opinion

'I work in the domestic violence space every day. Then it follows me home.'

This post discusses domestic violence and could be triggering for some readers. 

I have worked in the anti-violence space for well over 20 years. I’ve seen a lot of things, faced my share of challenges and learnt a lot of lessons along the way.

One of the hardest things for me as an Aboriginal woman who has experienced extreme violence during my life, working in this space, is showing my vulnerability.

I believe there is an expectation for Aboriginal women to be strong, resilient, to power through, regardless of obstacles we may face. To just keep moving, show no emotion, soldier on! And I have done this and done it well throughout my career as a domestic violence educator, advocate and survivor. Until recently, when everything I work towards and advocate for was staring squarely back at me.

I was faced with not being able to see my grandchildren resulting in court proceedings. My son was arrested for breach of an AVO and I resigned from my position as CEO of Mudgin-gal Aboriginal Women’s Centre after three and a half years of service.

My life was in turmoil. All the things I advocate for and feel so very strongly about were now a reflection of my own reality. I was spinning out of control at 53 years old.

Grief and resilience live together”- Michelle Obama, Becoming.

Aboriginal women are 34 times more likely to become victims of violence than white women, and the burden of this falls on our shoulders, whether we are the victim, the family member or mother of the perpetrator.

For the record, I supported my daughter-in-law and advocated for her as I would any other woman. However, when my son was arrested and immediately imprisoned, the experience of both parties highlighted the double standard in place for Aboriginal people - the systems don't work for us, they work against us. 

So, as an Aboriginal woman working in the domestic violence space, I don't get to leave my work at 5pm. It follows me home.

When you are working in this space and the work you advocate for shows up in your personal life, what do you do?

Do you tell your work? 

Show your vulnerability?

Risk being spoken negatively about?

You have moments of Imposter Syndrome.

What am I doing here? 

Should I be doing this work?

I feel like such a fraud. 

You carry shame, shame you do not own, however can’t help but feel. You want to be transparent, but at what cost? 

Lateral violence?

Being deemed a hypocrite?

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Or the truth?

You are human, just a person like everyone else. 

We risk the chance of burnout, self-sabotage, guilt and resentment that can and will more than likely make the situation even worse.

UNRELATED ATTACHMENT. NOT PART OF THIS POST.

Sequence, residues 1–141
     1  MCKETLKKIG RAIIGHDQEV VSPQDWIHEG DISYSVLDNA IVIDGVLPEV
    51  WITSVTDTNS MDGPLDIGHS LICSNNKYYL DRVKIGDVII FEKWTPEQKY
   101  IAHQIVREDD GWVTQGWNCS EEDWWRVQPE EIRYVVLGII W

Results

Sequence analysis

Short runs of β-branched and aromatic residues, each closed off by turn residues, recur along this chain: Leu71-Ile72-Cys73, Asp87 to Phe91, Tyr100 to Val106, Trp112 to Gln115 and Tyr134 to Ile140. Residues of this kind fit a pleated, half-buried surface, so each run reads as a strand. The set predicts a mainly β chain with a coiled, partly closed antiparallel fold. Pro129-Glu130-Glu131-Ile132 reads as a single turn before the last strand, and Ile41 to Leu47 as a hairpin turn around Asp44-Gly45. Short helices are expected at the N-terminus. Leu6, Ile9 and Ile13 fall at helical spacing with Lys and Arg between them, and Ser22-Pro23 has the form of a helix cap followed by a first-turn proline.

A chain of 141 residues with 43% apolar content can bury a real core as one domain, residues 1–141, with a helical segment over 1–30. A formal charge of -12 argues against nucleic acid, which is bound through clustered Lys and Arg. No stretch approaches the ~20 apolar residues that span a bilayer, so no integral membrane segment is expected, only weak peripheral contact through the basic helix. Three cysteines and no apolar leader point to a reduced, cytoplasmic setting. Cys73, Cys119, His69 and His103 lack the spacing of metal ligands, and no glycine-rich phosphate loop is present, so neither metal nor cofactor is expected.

Yes, Aboriginal women are strong, but it comes at a cost. We may become resentful; we may also become over sensitive and guarded. Thinking we have to carry the burden on our own. At the risk of our own well-being.

All I can do is lead with pure intention for the greater good, understanding that, despite our vulnerability, domestic violence doesn't discriminate. 

To think that others who work in the domestic violence space don’t also deal with it in their personal lives is a contradiction, when 1 in 3 women have experienced violence from the age of 15 and most people who work in the anti-violence space are women.

As Brene Brown said: "Vulnerability is not winning or losing; it's having the courage to show up and be seen when we have no control over the outcome. Vulnerability is not weakness; it's our greatest measure of courage. People who wade into discomfort and vulnerability and tell the truth about their stories are the real badasses." 

I share my experience not as a martyr or because I’ve got it all together. Clearly, I don’t. None of us do. 

I share it because I believe I am a real ‘badass’ in this space and intend on continuing to be just that. All any of us can do is our best. Lead by example, share your knowledge, experience authentically and work together towards reducing violence in all its forms. We all can do that. 

Ashlee Donohue is a proud Aboriginal woman from the Dunghutti nation, born and raised in Kempsey, NSW. An Author, Educator and Advocate for topics specifically surrounding anti-violence, anti- racism and Aboriginal women. You can read more about her incredible work here.  

Mamamia recognises that Aboriginal and Torres Strait Islander women are the unheard victims of domestic violence and want to break the silence. In 2022, we’re making a commitment to tell more of their stories, amplify their voices, raise awareness of the issue, and be united in our conversations about how we end violence against women for good.

If this post brings up any issues for you, or if you just feel like you need to speak to someone, please call 1800 RESPECT (1800 737 732) – the national sexual assault, domestic and family violence counselling service. It doesn’t matter where you live, they will take your call and, if need be, refer you to a service closer to home.

You can also call safe steps 24/7 Family Violence Response Line on 1800 015 188 or visit www.safesteps.org.au for further information.

Feature Image: Supplied.